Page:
A common mechanism of bacterial resistance to β-lactam antibiotics is the production of β-lactamase enzymes that cleave the structural β-lactum ring of these drugs. This is the predominant mechanism of β-lactam resistance in Gram-negative bacteria1,2. Over the last two decades many new β-lactams have been developed that were specifically designed to be resistant to hydrolytic actions of β-lactamase2. However, with this new class of drug that has been used to treat patients, new types of β-lactamases emerged. AmpC β-lactamase is one of these new types of β-lactamases.

AmpC β-lactamases are cephalosporinases, which belong to the molecular class C as classified by Ambler in 1980' and Group I under a classification scheme of Bush et al4. AmpC β-lactamases are more sensitive to inhibition by sulbactam than by clavulanate or tazobactam5. These are clinically significant as they may confer resistance to a wide variety of β-lactam drugs, including α-methoxy-β-lactams, narrow, expanded and broad-spectrum cephalosporins, aztreonam, a monobactam4 and most significantly β-lactam plus β-lactamase inhibitor combinations (viz., ampicillin-clavulanic acid, pipericillin-tazobactam, etc.).

In many species, β-lactamases are normally produced at very low levels but are induced to several hundred fold higher by the presence of β-lactams (viz., cefoxitin, cefotaxime, etc.) and certain β-lactam inhibitors (viz., clavulanic acid)6. Inducible AmpC β-lactamases are such examples. Amoxicillin-clavulanic acid combination is commonly used in controlling β-lactamase producing pathogens, as clavulanic acid acts as an inhibitor to many β-lactamases. But in case of inducible AmpC β-lactamases, this type of drug can cause more harm than help.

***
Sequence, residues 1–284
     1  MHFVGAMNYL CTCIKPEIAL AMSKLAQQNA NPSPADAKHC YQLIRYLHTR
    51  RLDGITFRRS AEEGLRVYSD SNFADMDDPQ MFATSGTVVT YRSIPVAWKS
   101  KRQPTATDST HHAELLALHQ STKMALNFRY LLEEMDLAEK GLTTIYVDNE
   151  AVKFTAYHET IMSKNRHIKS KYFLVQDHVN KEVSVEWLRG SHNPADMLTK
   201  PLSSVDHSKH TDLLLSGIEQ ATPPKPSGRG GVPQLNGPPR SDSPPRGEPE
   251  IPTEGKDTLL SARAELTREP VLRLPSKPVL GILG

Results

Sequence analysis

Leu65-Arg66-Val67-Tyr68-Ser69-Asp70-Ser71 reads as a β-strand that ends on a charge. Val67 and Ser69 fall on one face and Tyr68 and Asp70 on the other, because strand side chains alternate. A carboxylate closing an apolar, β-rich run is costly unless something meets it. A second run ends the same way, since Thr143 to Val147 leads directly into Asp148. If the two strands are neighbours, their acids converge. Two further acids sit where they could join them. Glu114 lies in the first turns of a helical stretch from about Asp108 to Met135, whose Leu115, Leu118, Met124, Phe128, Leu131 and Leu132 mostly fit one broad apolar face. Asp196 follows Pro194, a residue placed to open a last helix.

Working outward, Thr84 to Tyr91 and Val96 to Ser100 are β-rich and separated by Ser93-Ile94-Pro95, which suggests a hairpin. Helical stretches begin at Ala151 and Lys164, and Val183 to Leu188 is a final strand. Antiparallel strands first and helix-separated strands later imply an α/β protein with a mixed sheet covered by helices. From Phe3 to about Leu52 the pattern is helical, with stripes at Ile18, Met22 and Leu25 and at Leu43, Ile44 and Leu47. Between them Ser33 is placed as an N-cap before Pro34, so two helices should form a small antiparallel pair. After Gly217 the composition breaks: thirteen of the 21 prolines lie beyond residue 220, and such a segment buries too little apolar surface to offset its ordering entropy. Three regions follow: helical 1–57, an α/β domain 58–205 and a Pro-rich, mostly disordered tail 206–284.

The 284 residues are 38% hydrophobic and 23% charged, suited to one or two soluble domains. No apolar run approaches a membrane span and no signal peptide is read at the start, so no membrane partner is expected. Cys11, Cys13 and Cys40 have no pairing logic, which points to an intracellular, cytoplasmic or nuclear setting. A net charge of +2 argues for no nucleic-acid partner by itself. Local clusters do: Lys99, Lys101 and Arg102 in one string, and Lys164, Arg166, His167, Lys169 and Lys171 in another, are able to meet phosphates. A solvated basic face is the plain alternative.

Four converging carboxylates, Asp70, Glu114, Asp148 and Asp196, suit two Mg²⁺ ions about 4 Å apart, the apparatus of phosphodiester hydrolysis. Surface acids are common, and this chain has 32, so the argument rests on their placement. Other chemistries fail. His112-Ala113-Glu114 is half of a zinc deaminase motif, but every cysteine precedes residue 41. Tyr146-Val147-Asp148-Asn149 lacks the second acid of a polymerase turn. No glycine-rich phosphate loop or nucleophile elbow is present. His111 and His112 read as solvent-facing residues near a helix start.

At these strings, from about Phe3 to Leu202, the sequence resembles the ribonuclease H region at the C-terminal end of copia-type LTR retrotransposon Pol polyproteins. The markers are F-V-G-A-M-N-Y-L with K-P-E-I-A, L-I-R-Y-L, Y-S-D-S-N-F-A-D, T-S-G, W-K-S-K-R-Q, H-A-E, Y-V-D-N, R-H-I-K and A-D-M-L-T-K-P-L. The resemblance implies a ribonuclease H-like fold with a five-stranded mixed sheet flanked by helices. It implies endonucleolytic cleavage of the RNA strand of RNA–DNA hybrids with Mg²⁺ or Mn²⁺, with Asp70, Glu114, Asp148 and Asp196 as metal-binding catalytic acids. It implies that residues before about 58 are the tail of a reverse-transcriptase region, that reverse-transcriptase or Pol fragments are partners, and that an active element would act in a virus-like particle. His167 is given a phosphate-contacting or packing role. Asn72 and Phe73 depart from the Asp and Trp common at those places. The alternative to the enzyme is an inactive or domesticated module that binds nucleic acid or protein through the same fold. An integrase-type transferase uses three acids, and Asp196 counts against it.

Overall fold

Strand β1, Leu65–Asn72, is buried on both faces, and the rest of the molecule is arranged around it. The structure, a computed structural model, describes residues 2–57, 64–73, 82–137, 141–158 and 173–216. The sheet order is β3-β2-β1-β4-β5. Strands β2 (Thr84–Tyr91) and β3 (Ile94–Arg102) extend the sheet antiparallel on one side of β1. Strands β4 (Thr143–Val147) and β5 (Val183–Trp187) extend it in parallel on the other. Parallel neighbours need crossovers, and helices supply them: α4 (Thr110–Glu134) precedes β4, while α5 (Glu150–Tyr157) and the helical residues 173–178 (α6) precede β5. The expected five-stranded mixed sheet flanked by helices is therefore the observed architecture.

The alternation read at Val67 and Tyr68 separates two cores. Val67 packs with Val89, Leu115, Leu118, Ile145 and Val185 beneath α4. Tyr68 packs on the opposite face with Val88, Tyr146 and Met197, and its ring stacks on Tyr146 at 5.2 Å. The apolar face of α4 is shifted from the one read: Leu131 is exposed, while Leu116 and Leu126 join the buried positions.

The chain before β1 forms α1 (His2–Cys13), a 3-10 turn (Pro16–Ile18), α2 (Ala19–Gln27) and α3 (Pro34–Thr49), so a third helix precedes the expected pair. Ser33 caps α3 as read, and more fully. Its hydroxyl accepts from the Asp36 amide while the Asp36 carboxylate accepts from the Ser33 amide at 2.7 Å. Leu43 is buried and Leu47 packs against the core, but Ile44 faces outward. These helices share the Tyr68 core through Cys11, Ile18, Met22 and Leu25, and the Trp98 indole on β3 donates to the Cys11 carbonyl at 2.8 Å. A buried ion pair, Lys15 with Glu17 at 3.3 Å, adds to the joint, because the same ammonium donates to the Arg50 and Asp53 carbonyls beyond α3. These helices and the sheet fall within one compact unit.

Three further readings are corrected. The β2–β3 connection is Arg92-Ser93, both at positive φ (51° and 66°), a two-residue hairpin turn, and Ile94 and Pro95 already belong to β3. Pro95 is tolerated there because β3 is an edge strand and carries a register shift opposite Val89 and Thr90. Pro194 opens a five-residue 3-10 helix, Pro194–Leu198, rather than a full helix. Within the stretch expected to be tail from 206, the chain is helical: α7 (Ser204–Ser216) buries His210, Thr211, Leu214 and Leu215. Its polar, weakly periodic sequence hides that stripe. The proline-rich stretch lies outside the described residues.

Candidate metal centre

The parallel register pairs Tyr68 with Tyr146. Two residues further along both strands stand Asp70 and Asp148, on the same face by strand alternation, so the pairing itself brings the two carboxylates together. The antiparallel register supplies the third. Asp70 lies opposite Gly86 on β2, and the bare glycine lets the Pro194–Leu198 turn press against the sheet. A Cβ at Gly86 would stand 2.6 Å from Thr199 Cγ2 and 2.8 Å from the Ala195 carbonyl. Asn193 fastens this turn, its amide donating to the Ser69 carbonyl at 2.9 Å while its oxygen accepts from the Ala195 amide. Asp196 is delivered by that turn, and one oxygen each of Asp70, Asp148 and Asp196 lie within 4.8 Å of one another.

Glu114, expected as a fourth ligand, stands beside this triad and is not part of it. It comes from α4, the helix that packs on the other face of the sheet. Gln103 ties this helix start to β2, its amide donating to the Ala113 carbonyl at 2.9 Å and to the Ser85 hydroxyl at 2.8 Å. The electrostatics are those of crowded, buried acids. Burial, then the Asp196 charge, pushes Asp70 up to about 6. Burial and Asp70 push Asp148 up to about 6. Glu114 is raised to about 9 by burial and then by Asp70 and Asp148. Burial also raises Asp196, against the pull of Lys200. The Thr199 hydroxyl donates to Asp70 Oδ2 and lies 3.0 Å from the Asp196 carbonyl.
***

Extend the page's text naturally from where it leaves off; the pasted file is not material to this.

β-lactamase producing bacteria can cause serious therapeutic failure if not detected on time. Though the clinicians treat infections based on the results of antibiotic susceptibility tests available, the number of infections caused by AmpC β-lactamase producing organisms is on the rise and pose a threat to the patients due to treatment failure. A few groups have reported the occurrence of β-lactamases producing bacteria from northern and southern regions, but there are not much data available on these pathogens from Kolkata or anywhere in the eastern region. The present study was therefore undertaken to find out the presence of AmpC and inducible AmpC type of β-lactamases producing clinical isolates from hospitalized patients in Kolkata using standard methods presently available for their detection. It may be mentioned here that currently there is no clear consensus regarding guidelines for performing tests for the phenotypic screening or confirmatory tests for the isolates that harbour AmpC β-lactamases7,8.

Material & Methods